Non-Formal learning takes the form of organised educational activity outside of the established formal system. Though it is not as rule governed as formal education systems, and it does not have the same officiality, it does have an educational purpose. Scouting is non-formal and complements the learning that occurs in formal and informal settings.

Goal Setting

Goal setting is about each individual Scout being able to think about projects or tasks they want to carry out across their Scouting journey and then being able to set stages along that path to reach those goals. Goal setting is a skill in life that we aim to foster and develop in our youth members through Scouting.


The organisational level of Scouting which delivers the Scout Program in the local community. The Scout Group is made up of age sections (units) within the Group.

The Scout Group is lead by a Group Leader who supports all section adult leaders in supporting Scouts through Scouting.

I… Statements

The I… Statements are a resource that turn the Educational Objectives of Scouts Australia into a set of statements which Scouts can use to self assess and reflect on their personal development. The I… Statements help adults and youth to break each SPICES area down into meaningful phrases.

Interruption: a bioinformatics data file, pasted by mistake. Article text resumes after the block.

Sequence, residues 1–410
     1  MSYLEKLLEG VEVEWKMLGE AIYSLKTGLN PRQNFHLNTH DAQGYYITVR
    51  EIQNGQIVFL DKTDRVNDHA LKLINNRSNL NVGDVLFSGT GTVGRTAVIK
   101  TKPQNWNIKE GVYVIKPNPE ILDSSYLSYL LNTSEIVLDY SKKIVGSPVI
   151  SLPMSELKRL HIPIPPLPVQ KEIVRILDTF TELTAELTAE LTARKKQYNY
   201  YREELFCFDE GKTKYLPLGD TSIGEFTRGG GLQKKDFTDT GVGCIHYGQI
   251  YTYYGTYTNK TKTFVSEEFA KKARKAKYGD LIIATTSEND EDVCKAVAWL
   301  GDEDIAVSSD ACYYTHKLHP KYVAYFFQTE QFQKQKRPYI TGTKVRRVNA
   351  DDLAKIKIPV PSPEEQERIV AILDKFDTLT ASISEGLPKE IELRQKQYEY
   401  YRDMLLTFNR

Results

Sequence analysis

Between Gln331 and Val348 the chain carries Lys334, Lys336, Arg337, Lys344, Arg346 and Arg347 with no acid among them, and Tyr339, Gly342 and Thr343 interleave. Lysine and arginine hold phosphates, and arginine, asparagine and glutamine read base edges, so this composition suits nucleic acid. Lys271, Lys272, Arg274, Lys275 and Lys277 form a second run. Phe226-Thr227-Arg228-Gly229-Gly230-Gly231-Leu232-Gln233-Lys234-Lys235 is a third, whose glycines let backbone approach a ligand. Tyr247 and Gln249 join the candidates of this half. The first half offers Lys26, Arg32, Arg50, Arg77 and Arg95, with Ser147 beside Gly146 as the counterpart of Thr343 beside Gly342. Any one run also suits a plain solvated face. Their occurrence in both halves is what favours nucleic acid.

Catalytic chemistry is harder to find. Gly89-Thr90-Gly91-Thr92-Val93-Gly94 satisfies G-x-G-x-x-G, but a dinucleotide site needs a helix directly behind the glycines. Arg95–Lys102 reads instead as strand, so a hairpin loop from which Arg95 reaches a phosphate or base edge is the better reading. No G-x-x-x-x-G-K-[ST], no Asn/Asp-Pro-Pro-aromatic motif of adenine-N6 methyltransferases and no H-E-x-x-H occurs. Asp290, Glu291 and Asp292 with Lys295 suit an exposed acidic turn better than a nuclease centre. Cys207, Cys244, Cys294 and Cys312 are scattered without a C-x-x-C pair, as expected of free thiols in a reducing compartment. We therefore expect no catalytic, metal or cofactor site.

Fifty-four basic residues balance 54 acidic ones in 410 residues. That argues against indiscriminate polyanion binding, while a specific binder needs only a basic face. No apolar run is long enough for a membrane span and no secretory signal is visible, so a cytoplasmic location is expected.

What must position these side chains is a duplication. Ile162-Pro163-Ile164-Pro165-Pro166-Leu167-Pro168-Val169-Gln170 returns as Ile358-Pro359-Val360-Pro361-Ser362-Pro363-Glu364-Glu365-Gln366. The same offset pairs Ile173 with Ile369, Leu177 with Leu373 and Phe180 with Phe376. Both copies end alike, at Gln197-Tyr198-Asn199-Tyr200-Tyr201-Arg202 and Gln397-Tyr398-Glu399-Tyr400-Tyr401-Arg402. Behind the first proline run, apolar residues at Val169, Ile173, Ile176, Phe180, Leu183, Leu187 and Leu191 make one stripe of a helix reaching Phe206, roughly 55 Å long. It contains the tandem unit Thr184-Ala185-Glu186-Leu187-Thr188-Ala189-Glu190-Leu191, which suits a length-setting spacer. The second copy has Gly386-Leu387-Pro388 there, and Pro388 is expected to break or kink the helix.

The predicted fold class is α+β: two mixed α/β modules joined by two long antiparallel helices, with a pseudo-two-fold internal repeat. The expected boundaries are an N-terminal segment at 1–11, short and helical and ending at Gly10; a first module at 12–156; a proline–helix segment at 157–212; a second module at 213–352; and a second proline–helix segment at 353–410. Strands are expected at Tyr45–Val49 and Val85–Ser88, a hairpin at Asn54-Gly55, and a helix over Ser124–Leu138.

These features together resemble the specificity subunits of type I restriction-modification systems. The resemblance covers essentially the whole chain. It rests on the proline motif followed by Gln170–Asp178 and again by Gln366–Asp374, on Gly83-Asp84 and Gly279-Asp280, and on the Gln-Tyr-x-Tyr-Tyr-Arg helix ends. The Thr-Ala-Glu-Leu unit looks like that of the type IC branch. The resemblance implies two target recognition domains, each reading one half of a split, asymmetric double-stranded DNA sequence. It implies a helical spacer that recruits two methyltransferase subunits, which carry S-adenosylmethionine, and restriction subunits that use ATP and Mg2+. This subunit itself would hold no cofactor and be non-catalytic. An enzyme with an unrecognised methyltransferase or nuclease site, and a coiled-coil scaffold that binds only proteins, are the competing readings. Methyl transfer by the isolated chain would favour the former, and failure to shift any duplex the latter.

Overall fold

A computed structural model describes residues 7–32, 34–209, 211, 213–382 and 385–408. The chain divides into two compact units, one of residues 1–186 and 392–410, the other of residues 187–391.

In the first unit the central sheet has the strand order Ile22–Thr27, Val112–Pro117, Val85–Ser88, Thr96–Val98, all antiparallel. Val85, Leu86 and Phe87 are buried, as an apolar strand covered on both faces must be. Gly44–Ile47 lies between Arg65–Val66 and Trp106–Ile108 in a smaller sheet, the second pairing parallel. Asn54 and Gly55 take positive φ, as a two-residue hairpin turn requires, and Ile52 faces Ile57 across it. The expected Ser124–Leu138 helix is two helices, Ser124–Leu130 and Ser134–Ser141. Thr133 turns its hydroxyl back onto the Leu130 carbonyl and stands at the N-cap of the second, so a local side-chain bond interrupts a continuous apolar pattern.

Introduction to Scouting

This is an introductory stage of the Achievement Pathways that all Scouts who are new to Scouting must undertake. It marks the beginning of a Scouts’ journey in the World Scout movement and is represented by the badge of the World Scout emblem..

Introduction to Section

When a Scout progresses to a new age section, the Introduction to Section is the first step of the Achievement Pathways that all Scouts complete. It introduces the Scout to the new and different ways in which the section works.


Any person with a leadership role, whether youth or adult.


A more experienced Scout, an adult or subject matter expert. Mentoring is a key part of the youth program and Scouts can make use of mentors at any time during their Scouting journey.


The Milestones are the stages within the Program Essentials that symbolise the progression of each Scout through the program taking on roles of participating, assisting, and leading activities. Milestones are a big achievement for every youth member and shows their development and active engagement in the program.